Head for the steep scarp of Longridge Fell and a sharp climb up Jeffrey Hill for outstanding vistas over the Bowland Fells from the viewpoint. Contour along the southern flank of the ridge before descending past historic Stonyhurst College and onwards to the Roman town of Ribchester.
In Roman Times, the River Ribble was navigable as far upstream as Ribchester – as evidenced by the Roman wharf which remains visible near the Roman museum on the waterfront.
Continue up the Ribble Valley to Whalley, where there are several cafés and bars to sample before heading back out onto the country lanes to take the scenic route to the pretty village of Waddington.
Stay at one of the three country inns in Waddington and enjoy the surprisingly lively nightlife of this bustling little village.
DAY 3: Waddington to Clapham Station
Ride across the River Ribble and spend a couple of hours exploring Clitheroe – complete with a Norman castle and a wide range of specialist independent retailers with the focus firmly on local produce.
From Clitheroe, continue up the valley through Chatburn to the unspoiled village of Downham – the backdrop for classic B&W film Whistle Down the Wind and more recently BBC drama Born and Bred.
Continue on the quiet lanes winding among the foothills of imposing Pendle Hill before descending into the village of Gisburn, where you’ll find an excellent deli and rather good Italian restaurant.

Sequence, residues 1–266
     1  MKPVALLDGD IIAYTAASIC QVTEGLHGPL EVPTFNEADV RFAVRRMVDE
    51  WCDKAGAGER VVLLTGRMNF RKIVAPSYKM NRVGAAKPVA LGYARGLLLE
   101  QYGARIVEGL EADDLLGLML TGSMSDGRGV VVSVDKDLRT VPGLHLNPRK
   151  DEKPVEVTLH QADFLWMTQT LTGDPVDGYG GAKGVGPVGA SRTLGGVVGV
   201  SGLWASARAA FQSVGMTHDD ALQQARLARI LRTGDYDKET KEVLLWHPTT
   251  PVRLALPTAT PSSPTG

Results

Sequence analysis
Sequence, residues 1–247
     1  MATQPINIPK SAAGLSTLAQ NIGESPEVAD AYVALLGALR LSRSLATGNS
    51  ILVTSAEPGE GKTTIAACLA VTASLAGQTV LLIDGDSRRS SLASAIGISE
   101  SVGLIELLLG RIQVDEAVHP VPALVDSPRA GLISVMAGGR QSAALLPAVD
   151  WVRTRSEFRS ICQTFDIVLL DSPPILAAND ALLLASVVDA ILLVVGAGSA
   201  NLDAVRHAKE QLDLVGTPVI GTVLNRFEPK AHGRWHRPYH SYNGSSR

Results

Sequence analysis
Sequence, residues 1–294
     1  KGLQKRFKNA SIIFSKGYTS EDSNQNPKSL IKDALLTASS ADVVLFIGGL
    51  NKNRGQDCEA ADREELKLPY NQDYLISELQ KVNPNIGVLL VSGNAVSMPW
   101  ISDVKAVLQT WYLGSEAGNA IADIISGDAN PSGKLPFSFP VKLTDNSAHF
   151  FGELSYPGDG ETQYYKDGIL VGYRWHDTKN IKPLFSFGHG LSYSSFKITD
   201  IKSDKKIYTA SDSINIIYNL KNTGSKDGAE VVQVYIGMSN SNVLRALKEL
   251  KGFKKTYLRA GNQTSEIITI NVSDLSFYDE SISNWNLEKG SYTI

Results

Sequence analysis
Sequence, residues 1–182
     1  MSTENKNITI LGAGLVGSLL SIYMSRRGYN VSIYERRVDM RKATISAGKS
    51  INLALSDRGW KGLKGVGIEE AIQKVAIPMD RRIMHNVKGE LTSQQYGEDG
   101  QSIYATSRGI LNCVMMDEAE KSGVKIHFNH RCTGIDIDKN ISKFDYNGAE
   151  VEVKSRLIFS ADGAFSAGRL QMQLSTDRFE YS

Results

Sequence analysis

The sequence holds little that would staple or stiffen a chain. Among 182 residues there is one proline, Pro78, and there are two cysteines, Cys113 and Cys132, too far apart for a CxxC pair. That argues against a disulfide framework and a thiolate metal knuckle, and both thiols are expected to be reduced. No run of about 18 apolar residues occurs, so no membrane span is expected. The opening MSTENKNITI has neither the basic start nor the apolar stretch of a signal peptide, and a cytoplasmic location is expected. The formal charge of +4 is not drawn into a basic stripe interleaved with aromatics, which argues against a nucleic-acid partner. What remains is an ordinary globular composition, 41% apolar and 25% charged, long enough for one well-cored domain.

Cross the busy A59 and continue on country lanes to the pretty village of Bolton by Bowland and start the steady climb up to Tosside, with its popular cyclists café: the Old Vicarage Tea Rooms.
Choose between Delicious Deli or La Locanda Italian In Gisburn, the Coach & Horses at Bolton by Bowland or the Old Vicarage Tearooms at Tosside.
Descend to Stocks Reservoir and follow the eastern shoreline across the causeway and begin the sustained and occasionally steep climb through Gisburn Forest to Bowland Knotts. Enjoy the dramatic views northeast over to the Yorkshire Three Peaks, the Howgill Fells and, on the northern horizon, the Lakeland Fells.
From Bowland Knotts, it’s a long, steady descent through Keasden to Clapham station and a train back along the Bentham Line to your starting point in Lancaster.
SUSTAINABLE TRAVEL MAP
Historic Lancaster has plenty of attractions for visitors – including the imposing castle itself. Download a free walking and cycling guide from Visit Lancaster here: www.visitlancaster.org
Stocks Reservoir and Gisburn Forest are worth taking extra time to explore in more depth. The reservoir has wildlife hides dotted around its shoreline and is home to a wide variety of birdlife. Gisburn Forest is one of England’s most popular mountain biking destinations with miles of challenging traffic-free forest tracks to explore.
There’s plenty more to see and do in the area to extend your break a while. The entire Forest of Bowland National Landscape is criss-crossed with footpaths and cycle trails. Picturesque towns and villages like Longridge, Whalley and Bentham are all worthy of exploration and are linked with good onward public transport connections. Click here for more ideas and itineraries.